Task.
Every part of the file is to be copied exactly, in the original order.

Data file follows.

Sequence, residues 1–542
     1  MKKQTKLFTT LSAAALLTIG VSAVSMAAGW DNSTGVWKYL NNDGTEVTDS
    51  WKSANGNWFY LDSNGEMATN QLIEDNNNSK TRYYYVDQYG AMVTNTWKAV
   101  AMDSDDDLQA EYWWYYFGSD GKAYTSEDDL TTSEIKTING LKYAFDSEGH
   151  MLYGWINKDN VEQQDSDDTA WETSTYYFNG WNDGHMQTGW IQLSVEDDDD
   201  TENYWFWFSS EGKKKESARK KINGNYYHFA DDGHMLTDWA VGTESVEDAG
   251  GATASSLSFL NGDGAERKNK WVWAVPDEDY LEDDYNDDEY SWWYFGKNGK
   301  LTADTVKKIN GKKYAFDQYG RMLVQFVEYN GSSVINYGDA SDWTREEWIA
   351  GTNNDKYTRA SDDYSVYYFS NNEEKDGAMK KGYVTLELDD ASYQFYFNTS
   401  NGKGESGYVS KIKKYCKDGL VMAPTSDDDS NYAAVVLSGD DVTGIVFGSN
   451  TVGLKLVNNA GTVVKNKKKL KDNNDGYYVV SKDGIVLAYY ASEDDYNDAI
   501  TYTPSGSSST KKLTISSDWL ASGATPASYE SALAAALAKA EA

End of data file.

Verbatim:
Sequence, residues 1–542
     1  MKKQTKLFTT LSAAALLTIG VSAVSMAAGW DNSTGVWKYL NNDGTEVTDS
    51  WKSANGNWFY LDSNGEMATN QLIEDNNNSK TRYYYVDQYG AMVTNTWKAV
   101  AMDSDDDLQA EYWWYYFGSD GKAYTSEDDL TTSEIKTING LKYAFDSEGH
   151  MLYGWINKDN VEQQDSDDTA WETSTYYFNG WNDGHMQTGW IQLSVEDDDD
   201  TENYWFWFSS EGKKKESARK KINGNYYHFA DDGHMLTDWA VGTESVEDAG
   251  GATASSLSFL NGDGAERKNK WVWAVPDEDY LEDDYNDDEY SWWYFGKNGK
   301  LTADTVKKIN GKKYAFDQYG RMLVQFVEYN GSSVINYGDA SDWTREEWIA
   351  GTNNDKYTRA SDDYSVYYFS NNEEKDGAMK KGYVTLELDD ASYQFYFNTS
   401  NGKGESGYVS KIKKYCKDGL VMAPTSDDDS NYAAVVLSGD DVTGIVFGSN
   451  TVGLKLVNNA GTVVKNKKKL KDNNDGYYVV SKDGIVLAYY ASEDDYNDAI
   501  TYTPSGSSST KKLTISSDWL ASGATPASYE SALAAALAKA EA